This just recently crossed my Inbox, this time from Redmond Developer News, and once again I'm simply amazed at the audacity of the message and rather far-fetched conclusion:
FEEDBACK: THE MOVE FROM J2EE
On Tuesday, I wrote about BMC's new Application Problem Resolution System 7.0 tooling, which provides "black box" monitoring and analysis of application behavior to help improve troubleshooting.
In talking to BMC Director Ran Gishri, I ran across some interesting perspectives that he was able to offer on the enterprise development space. Among them, the fact that large orgs seem to be moving away from J2EE and toward a mix of .NET and sundry lightweight frameworks.
Richard Eaton, an RDN reader who's a manager of database systems for Georgia System Operations Corp., confirms Gishri's insights. He wrote:
"In 2003, we made a decision to build our Web application using Java and a third-party RAD tool for Java development that was locally supported at that time. Since then, the company that developed and supported that RAD tool has gone out of business and left us with virtually no support for the product. The application development that was done was very integrated into the tool, which meant we would virtually have to rewrite the entire app. So we analyzed our experience with using Apache, Linux, Java and Eclipse for our platform and realized the effort was very management-intensive for our small team, and so we looked to .NET.
"Considering the advances in the .NET framework and CLR libraries and the integration it offered to our other third-party tools, as well as our prolific Excel spreadsheet environment, the decision was easy to go to .NET. We are also moving away from Sybase databases to SQL Server and looking into the use of SharePoint for various internal collaboration and project functions. The one-stop shop of Microsoft technology and support and ease of development and integration, I think, is the overwhelming weight in deciding between J2EE and .NET."
First of all, I'm a little shocked that based on a conversation with one individual, we can safely infer that "large orgs" are "moving away from J2EE and toward a mix of .NET and sundry lightweight frameworks". This is fair and unbiased reporting? That's like going to Houston (home of our current sitting President), or Arizona (home of the Republican candidate), and discovering that a majority of the voters there will vote Republican in the next Presidential election. Amazing! Investigative journalism at its finest.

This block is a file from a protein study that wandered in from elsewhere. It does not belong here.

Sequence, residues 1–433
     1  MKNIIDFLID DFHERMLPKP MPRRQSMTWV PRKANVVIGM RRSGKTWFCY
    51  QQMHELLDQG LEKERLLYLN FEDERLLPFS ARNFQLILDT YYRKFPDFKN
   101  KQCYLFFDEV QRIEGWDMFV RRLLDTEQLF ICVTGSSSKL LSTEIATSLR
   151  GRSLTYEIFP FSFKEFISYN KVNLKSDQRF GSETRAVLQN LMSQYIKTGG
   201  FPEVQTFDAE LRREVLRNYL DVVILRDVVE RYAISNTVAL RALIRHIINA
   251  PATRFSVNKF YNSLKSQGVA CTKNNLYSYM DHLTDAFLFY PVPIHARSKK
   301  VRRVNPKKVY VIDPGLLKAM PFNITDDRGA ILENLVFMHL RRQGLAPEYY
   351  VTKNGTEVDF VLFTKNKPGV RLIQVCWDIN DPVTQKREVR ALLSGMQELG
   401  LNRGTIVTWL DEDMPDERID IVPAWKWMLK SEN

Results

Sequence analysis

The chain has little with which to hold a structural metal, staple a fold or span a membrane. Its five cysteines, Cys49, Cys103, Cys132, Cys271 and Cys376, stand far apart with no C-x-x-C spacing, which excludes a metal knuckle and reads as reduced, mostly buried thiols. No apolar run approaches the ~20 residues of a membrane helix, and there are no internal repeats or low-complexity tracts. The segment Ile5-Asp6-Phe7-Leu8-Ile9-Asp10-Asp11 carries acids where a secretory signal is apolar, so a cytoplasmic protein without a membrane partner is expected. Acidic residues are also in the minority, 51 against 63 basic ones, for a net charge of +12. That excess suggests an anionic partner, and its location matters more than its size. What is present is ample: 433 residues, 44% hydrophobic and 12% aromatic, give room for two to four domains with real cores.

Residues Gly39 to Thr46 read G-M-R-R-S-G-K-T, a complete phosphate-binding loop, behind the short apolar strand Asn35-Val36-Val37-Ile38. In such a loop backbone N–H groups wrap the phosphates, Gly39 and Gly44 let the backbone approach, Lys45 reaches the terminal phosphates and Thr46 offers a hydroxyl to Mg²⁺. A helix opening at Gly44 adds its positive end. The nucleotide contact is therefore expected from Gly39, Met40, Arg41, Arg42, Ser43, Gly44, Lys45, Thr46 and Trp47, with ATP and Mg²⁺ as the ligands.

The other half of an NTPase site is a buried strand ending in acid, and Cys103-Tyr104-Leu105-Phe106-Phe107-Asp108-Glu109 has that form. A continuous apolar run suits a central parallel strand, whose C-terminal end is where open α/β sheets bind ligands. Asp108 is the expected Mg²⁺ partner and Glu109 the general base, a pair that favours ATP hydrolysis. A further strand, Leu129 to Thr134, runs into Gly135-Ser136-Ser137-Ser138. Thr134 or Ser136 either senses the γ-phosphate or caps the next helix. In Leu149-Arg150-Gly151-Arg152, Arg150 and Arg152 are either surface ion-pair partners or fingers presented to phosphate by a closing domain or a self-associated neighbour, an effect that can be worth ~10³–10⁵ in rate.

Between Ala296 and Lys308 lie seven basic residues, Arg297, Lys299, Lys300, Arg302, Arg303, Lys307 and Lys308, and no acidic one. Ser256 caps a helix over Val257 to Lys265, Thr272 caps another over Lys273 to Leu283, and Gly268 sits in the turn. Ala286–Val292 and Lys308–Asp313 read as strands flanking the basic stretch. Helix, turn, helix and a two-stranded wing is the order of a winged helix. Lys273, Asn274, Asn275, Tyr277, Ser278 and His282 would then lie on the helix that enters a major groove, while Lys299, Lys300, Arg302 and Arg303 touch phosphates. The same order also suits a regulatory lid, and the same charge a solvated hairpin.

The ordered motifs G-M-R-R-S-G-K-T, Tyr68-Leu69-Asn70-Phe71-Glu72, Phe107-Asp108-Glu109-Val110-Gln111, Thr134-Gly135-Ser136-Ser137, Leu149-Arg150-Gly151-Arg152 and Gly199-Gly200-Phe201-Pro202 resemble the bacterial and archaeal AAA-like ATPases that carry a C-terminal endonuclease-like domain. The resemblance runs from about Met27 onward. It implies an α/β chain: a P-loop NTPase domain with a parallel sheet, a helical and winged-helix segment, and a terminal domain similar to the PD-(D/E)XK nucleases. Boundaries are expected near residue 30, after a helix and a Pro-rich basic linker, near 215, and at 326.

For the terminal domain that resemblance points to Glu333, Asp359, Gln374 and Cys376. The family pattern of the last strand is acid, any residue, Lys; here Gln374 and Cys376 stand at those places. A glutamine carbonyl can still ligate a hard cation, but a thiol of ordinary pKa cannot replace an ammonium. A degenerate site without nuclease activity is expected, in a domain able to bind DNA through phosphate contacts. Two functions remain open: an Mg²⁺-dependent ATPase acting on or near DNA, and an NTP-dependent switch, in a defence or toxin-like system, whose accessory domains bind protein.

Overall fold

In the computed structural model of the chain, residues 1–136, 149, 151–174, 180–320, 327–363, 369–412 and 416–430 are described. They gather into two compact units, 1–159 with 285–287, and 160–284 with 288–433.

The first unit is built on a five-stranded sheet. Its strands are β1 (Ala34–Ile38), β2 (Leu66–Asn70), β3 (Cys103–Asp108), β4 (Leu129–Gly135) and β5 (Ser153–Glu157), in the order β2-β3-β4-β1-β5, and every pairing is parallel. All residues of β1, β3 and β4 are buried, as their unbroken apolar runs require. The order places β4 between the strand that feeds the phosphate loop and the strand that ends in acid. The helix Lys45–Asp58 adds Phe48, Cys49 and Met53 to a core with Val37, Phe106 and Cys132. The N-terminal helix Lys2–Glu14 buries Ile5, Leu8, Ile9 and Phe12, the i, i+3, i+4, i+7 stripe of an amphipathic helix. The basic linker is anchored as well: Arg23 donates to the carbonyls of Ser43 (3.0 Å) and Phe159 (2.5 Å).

Of course, no report like this could be taken seriously without some kind of personal anecdotal evidence as backup, so next we have a heart-rendering tear-jerker of a story in which a poor company was taken for a ride by those big bad J2EE vendors.... "We made a decision to build our Web applciation using java and a third-party RAD tool for Java... Since then, the company that [built] that RAD tool has gone out of business and left us [screwed]." Uh... wait a minute. Is this a story about moving away from J2EE, or about moving away from third-party proprietary tools that build code that's "very integrated into the tool"?
Look, this story doesn't read any better... or any more inaccurately... if we simply reverse the locations of "J2EE" and ".NET" in it. The problem here is that the company in question made a questionable decision: to base their application development on a third-party tool that couldn't be easily supported or replaced in the event the vendor went south. So when the vendor did tank, they found themselves in a thorny situation. That's not J2EE's fault. That's the company's fault.
This vetting of the third-party tool (or framework, or library, or ...) is a necessary precaution regardless of whether you're talking about the J2EE, .NET or native platforms, and whether that vendor is a commercial vendor or an open-source vendor. Some will take umbrage at the idea of treating an open-source project as a vendor, but ask yourself the hard question that few open-source advocates really talk much about: in the event the project committers abandon the project, are you really prepared to take up support for it yourself? At Java shows, I frequently ask how many people in the audience have used Tomcat, and almost 100% of the room raises their hand. I ask how many have actually looked at the Tomcat source code, and that number goes down dramatically. Swap in any project you care to name: Hibernate, Ant, Spring, you name it, lots of Java devs have used them, but few are prepared to support them. Open source projects have to be seen in the same light as vendors: some will disappear, some won't, and it's hard to tell which ones are which at the time you're looking to adopt them, so you're best off assuming the worst and figuring out your strategy.
It's called risk management assessment, and I wish more software development projects did it.
Does .NET offer integration to "other third-party tools"? Sure, depending on the tools, which can even include Java/J2EE, if you manage it right. (I should know.) Am I trying to advocate using J2EE over .NET or vice versa? Hell no--every company has to make the decision for itself, and every company's context is different. Some will even find that neither stack works well for them, and choose to go with something else, a la C++ or Ruby or Perl or... or whatever.
Just make sure you know what you are banking on, and how central (or not) those pieces are to your strategy.